While much focus has been placed on short-term complications associated with cholesteatoma, a lack of knowledge remains about the impact suffering from cholesteatoma in childhood may have on educational outcome. The aim of the study was to investigate whether suffering from cholesteatoma in childhood has an influence on school performance in adolescence. All children born in Denmark between 1986–1991 with cholesteatoma surgery performed before the age of 15 years were included (cholesteatoma group). A control group consisting of a 5% random sample of all children born in Denmark during the same period was used for comparison. A total of 549 individuals met the inclusion criteria for the cholesteatoma group and 15,106 for the control group. Final marks (average, mathematics, Danish and English) achieved upon completion of lower secondary school (ninth grade; age 15 or 16 years) were compared between groups.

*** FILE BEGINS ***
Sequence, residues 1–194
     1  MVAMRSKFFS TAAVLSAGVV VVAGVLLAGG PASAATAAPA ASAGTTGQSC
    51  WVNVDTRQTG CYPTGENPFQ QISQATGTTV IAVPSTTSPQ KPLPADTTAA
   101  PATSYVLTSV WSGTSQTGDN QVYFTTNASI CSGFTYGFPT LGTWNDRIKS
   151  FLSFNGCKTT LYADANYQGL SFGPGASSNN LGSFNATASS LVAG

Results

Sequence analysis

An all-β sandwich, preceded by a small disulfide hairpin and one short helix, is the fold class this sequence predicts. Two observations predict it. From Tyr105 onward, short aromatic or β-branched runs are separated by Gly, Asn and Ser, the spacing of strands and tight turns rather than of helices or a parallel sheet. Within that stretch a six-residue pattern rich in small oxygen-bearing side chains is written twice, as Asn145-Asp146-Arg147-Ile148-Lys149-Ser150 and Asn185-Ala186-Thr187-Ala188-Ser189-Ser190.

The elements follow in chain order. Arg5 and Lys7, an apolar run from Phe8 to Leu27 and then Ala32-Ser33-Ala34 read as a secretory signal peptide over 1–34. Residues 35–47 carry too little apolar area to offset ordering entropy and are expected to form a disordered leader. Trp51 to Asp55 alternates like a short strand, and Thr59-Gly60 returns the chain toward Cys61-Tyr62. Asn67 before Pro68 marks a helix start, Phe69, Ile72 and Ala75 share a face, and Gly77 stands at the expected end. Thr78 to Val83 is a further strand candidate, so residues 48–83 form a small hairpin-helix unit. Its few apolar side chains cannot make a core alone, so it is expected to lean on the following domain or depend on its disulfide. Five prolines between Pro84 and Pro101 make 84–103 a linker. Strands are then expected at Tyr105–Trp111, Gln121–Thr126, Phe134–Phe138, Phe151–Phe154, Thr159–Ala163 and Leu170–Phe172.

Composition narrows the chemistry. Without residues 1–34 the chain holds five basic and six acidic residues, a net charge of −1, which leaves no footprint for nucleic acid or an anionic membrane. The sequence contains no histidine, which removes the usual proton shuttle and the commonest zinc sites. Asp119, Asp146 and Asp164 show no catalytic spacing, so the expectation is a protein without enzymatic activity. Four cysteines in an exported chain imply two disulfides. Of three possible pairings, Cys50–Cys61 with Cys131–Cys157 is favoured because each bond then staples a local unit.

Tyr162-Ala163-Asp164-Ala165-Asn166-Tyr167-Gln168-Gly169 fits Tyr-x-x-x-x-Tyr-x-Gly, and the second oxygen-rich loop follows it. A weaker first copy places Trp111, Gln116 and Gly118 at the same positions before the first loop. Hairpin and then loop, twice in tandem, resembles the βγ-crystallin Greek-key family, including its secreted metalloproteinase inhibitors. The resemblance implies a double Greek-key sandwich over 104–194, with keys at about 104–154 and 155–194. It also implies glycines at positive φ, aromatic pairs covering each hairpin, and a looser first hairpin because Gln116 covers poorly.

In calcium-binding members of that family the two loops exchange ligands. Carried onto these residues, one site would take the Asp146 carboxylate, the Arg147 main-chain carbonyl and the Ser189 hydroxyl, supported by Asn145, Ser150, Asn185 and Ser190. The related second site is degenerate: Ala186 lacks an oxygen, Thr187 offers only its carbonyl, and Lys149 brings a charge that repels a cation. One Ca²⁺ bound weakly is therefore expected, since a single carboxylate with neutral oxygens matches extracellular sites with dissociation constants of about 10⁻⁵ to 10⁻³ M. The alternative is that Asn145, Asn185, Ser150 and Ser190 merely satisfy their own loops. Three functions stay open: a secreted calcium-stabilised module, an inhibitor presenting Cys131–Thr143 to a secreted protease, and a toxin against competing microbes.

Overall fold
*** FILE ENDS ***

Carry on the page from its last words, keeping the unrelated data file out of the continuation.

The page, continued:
Cholesteatoma in childhood had no long-term effect on school performance for the majority who completed lower secondary school, in spite of periods with impaired hearing, sick days and other factors.
High parental education and female sex were strongly associated with performing well in school in adolescence. There is some evidence that more than one cholesteatoma operation may have some impact. This supports the view and is reassuring that children are relatively robust, at least on easily quantifiable measures, towards temporary challenges associated with middle ear problems!